Editorial: On Olympics, Sochi 2014, and Political Games
Ok. You know what I am going to rant about here. This: Russia’s grand vanity oligarchic Olympics, which costs $50+ billion, but has no space for LGBT people.
In Russia, LGBT people and supporters are discriminated against, beaten up, brutalized and even tortured unto death. The state tacitly supports and condones.
When it comes to gay rights, this blog believes it is very important for people around the world to see LGBT people supported and embraced by their community and see LGBT people as athletes, role-models, and above all, normal people. This debate is bigger than Winter Olympics 2014 or LGBT rights in Russia. This is also for LGBT people in other parts of world, who live in fear, under persecution, and in loneliness.
I don’t think boycotts help (I am open to persuasions on the matter). Maybe at this point, small moments of defiance will probably speak volumes. Last year, a poll published on Iconic Photos returned that the most memorable Olympic moment was when two medalists raised their fist in a Black Power salute. It is such moments that raise awareness. But the International Olympic Committee (IOC) maintains the games must remain politics-free zones, does not speak out against the new discriminatory laws, and forbids the athletes from making political statements or gestures. That is wrong.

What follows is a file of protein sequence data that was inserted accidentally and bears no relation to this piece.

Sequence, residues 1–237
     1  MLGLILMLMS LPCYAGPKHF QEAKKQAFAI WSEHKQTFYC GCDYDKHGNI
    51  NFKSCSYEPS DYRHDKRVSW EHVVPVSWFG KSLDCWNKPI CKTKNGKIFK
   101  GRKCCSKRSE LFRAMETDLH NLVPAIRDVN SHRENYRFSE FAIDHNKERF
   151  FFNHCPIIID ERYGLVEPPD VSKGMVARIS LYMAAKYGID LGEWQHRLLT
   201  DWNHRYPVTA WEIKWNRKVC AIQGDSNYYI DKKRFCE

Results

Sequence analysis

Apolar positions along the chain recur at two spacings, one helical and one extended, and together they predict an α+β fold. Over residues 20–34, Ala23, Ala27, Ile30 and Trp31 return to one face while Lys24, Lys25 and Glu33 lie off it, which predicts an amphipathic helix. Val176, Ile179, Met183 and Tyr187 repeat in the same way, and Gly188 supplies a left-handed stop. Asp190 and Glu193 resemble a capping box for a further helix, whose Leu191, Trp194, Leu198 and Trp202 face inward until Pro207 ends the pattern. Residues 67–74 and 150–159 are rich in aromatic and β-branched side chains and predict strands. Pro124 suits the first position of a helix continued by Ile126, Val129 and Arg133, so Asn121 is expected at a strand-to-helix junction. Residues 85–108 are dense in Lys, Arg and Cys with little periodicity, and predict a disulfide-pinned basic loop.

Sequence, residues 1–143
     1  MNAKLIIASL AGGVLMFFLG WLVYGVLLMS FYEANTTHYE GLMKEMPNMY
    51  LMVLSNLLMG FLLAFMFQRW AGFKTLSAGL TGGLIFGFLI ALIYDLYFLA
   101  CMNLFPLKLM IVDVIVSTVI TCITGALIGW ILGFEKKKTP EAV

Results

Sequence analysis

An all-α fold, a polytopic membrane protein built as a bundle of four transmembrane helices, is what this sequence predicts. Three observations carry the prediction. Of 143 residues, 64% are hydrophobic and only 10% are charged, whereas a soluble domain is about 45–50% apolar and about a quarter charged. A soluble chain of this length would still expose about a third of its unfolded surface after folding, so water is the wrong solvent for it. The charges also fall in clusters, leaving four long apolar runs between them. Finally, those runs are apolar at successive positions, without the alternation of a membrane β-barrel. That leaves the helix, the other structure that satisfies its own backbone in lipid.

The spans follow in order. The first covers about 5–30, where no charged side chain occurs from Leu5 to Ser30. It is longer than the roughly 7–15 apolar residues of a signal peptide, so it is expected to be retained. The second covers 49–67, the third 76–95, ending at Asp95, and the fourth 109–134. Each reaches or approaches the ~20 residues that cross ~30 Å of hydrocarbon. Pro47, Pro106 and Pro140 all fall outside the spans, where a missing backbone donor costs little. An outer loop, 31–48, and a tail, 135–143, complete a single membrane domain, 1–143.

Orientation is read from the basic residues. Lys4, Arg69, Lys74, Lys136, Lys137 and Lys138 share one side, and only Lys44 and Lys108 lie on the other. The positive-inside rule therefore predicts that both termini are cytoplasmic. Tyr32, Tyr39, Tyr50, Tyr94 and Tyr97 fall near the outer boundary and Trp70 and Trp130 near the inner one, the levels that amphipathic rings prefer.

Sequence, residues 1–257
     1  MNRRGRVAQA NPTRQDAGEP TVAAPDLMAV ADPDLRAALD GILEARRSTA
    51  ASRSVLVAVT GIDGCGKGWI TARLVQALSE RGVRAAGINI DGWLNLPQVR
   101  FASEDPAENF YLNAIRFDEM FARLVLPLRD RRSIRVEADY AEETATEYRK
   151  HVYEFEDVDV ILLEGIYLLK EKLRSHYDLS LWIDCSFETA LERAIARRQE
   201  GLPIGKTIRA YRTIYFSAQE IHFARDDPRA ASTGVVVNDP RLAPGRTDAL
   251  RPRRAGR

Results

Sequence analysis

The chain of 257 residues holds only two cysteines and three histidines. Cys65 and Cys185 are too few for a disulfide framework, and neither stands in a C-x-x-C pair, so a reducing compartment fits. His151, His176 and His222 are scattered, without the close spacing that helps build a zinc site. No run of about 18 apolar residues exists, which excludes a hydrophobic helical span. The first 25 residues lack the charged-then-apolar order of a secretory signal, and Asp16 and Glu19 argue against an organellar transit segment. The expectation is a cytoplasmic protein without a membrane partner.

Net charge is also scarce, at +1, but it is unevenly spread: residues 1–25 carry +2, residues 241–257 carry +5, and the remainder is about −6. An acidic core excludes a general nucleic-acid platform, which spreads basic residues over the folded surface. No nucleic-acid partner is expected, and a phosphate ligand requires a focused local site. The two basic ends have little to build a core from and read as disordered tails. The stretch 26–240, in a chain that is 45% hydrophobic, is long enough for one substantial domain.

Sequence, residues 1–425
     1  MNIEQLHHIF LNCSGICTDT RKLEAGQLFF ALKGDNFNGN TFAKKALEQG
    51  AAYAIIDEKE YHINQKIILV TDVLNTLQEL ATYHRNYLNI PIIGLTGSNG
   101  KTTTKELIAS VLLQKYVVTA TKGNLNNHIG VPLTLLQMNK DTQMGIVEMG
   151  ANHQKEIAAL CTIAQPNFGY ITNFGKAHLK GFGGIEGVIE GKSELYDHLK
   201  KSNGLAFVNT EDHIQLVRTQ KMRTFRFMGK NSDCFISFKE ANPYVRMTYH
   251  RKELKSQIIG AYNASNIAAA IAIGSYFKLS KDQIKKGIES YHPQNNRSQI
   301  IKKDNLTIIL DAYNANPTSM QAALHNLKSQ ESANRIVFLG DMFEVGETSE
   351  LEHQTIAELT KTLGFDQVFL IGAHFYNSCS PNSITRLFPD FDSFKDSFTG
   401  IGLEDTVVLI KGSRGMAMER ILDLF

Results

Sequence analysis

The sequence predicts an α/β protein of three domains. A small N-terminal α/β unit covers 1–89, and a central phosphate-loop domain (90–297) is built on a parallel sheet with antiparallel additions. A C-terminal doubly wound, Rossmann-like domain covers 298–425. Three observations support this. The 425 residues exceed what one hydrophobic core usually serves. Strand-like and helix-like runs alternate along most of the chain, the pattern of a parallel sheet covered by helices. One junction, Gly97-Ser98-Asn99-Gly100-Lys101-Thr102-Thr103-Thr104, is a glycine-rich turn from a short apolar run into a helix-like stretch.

The Olympics are a global phenomenon, and as such their history is intertwined with political landscape of the day, from Hitler’s grandiose Teutonic spectacle at the Nazi Olympics of 1936 to the decisions to award the games to totalitarian governments in Seoul (for 1988) and in Beijing (for 2008) in hope that they open up. Thus, this blog believes forbidding athletes from making political statements or gestures is hypocritical, when both the Russian government and the Olympic committee are guilty of that.
Isn’t the very stance that the Olympics must be free of politics and protests itself a political stance — and alas, a political stance that disenfranchises minorities? Groups perhaps most affected by this stance are likely to be those discriminated or oppressed in their day-to-day lives, and those who would like to make that plight clear to the international audience.
I hope many athletes walk down opening and closing ceremonies and walk up their podia fully supporting this important human-rights issue with pins and flags. Defying both the IOC and the Russian government.
For detailed articles for photos above, clockwise from top-left: Black Power salute; Wladyslaw Kozakiewicz; Greg Louganis; Dorando Pietri; American basketball team’s controversial loss; Jesse Owens gets cheers; Antonio Rebollo lights the flame; the bloody water-polo match; terrorism rears its ugly hooded head.